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Gingrich and Santorum nearly mounted 2012 ‘Unity Ticket’ coup against Romney

By David Ferguson
Friday, March 22, 2013 11:38 EDT
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For a brief moment in the 2012 campaign, former Speaker of the House Rep. Newt Gingrich (R-GA) and former Sen. Rick Santorum (R-PA) contemplated forming a “Unity Ticket” in an eleventh hour bid to scuttle the candidacy of former Gov. Mitt Romney (R-MA) and perhaps seize the presidency. According to Bloomberg Businessweek, however, the plan imploded when neither man would concede the top of the ticket to the other.

“In the end,” said Gingrich, “it was just too hard to negotiate.”

Gingrich ally and confidant Bob Walker said, “We were close. Everybody thought there was an opportunity.”

John Brabender, chief strategist for Santorum’s 2012 run, said, “It would have sent shock waves through the establishment and the Romney campaign.”

The Gingrich and Santorum camps began to discuss the idea in early February of 2012. Romney was taking a commanding lead in the primaries. Gingrich had been walloped in every primary state thus far except South Carolina and Romney had just taken Florida. Brabender contacted Gingrich aides in hopes of persuading the former Speaker to leave the race and endorse Santorum.

“I’ll tell you this,” said Brabender, “If Gingrich had dropped out at the right time, Santorum would have been the nominee.”

The Santorum aide had concocted a plan that would see Gingrich dropping out of the race in the middle of a debate and endorsing his opponent. “I couldn’t write an ad to match the political theater that would have created,” he says.

Presumably Brabender did in some way contribute to Santorum’s one memorable ad from the primary season, in which a bumbling Romney impersonator fired brown liquid “mud” from a gun at cardboard cutouts of Santorum. Many saw the ad as a misfire in that it alluded too closely to the Santorum “Google bomb” in which activists have linked Santorum’s name online to the effluvia produced by anal sex.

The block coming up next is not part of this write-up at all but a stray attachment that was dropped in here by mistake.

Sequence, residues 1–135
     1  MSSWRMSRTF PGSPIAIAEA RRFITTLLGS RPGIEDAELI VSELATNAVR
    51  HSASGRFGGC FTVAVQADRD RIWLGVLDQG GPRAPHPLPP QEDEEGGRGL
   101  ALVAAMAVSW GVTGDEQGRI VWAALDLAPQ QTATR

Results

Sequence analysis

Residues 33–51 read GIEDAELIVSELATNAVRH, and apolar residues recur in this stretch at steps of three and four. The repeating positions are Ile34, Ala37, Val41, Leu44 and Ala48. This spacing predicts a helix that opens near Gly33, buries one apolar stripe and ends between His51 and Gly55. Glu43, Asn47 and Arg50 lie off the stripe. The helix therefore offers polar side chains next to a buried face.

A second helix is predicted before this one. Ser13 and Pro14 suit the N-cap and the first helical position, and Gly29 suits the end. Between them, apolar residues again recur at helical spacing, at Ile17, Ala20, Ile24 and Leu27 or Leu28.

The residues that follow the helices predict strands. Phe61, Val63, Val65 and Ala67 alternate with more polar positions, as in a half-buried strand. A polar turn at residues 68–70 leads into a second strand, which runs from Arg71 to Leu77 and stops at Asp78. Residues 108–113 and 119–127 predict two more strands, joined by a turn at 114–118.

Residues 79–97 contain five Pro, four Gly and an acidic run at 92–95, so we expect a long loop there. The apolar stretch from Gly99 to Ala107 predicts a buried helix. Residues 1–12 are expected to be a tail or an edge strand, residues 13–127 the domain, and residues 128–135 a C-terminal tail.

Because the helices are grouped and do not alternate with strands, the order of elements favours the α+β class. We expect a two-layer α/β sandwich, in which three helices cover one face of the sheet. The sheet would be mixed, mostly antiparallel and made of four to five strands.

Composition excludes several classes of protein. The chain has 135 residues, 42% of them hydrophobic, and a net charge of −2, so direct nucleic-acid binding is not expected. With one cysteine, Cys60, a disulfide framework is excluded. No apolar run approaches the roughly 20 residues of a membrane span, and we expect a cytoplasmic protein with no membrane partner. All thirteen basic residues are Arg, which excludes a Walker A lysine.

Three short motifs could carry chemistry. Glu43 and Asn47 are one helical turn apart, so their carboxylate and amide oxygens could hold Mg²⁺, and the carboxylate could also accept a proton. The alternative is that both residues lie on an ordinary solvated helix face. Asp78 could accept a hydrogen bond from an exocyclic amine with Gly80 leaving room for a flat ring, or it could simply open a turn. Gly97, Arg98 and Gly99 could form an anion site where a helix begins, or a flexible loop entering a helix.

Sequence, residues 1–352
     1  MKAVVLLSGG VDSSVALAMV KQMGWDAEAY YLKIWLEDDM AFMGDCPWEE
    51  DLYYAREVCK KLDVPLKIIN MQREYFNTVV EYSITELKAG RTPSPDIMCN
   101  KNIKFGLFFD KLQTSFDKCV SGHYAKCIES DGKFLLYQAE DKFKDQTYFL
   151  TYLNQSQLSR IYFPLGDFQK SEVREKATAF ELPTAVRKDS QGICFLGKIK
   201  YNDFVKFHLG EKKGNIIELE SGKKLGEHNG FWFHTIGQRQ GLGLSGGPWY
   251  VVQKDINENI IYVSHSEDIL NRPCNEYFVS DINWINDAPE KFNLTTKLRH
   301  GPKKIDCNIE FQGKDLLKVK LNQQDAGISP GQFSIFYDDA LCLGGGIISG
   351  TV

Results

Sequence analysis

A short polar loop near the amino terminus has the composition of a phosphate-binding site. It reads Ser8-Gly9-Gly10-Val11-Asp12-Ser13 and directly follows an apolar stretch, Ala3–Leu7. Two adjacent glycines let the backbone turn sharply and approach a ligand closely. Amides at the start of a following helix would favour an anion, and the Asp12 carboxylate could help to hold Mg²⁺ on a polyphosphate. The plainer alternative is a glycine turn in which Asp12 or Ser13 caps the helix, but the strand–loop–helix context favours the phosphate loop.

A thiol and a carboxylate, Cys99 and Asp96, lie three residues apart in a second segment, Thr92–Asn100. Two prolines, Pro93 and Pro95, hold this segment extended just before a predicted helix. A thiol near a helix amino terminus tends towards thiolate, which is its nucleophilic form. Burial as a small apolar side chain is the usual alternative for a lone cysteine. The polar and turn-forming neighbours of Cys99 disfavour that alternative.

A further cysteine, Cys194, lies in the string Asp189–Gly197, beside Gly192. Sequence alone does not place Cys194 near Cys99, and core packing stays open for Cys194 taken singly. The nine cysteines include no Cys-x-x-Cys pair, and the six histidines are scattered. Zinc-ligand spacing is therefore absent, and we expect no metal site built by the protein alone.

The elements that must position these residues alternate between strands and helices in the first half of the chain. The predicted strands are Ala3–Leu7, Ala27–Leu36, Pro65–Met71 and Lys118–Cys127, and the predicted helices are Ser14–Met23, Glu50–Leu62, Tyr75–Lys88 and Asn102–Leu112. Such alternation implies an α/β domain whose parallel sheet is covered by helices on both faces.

Gingrich and his advisers suggested a different plan, that the candidates remain in the race, combining their respective followings to beat Romney, who many conservatives felt carried too much baggage as a former northeastern governor with liberal leanings. The “Unity Ticket” plan, however, came apart when neither Santorum nor Gingrich was willing to take the second spot and let the other run for president.

“I was disappointed when Speaker Gingrich ultimately decided against this idea, because it could have changed the outcome of the primary,” Santorum said to Bloomberg. “And more importantly, it could have changed the outcome of the general election.”

Gingrich acknowledged that the ticket could have had drawbacks and could have failed to unite the two men’s constituencies and overcome their individual failings as candidates. “It might have,” said Gingrich. “Or it might have just brought our weaknesses together.”

David Ferguson
David Ferguson
David Ferguson is an editor at Raw Story. He was previously writer and radio producer in Athens, Georgia, hosting two shows for Georgia Public Broadcasting and blogging at Firedoglake.com and elsewhere. He is currently working on a book.
 
 
 
 
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